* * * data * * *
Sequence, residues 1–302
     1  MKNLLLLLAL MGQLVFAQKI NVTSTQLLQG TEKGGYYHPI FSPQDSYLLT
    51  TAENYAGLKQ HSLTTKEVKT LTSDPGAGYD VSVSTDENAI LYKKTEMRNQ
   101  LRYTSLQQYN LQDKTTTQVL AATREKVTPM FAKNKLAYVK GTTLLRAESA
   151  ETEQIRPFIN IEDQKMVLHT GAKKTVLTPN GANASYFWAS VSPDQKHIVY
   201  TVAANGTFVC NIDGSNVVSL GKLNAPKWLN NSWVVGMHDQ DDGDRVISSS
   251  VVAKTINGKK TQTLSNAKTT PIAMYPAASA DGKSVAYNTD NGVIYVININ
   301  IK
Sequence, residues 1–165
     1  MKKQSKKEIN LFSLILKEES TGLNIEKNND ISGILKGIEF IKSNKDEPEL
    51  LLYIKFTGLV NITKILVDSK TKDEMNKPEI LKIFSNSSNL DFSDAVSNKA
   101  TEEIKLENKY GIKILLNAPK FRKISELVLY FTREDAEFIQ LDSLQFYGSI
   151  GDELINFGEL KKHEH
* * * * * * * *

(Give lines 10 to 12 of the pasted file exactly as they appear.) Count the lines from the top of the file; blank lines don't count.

     1  MKKQSKKEIN LFSLILKEES TGLNIEKNND ISGILKGIEF IKSNKDEPEL
    51  LLYIKFTGLV NITKILVDSK TKDEMNKPEI LKIFSNSSNL DFSDAVSNKA
   101  TEEIKLENKY GIKILLNAPK FRKISELVLY FTREDAEFIQ LDSLQFYGSI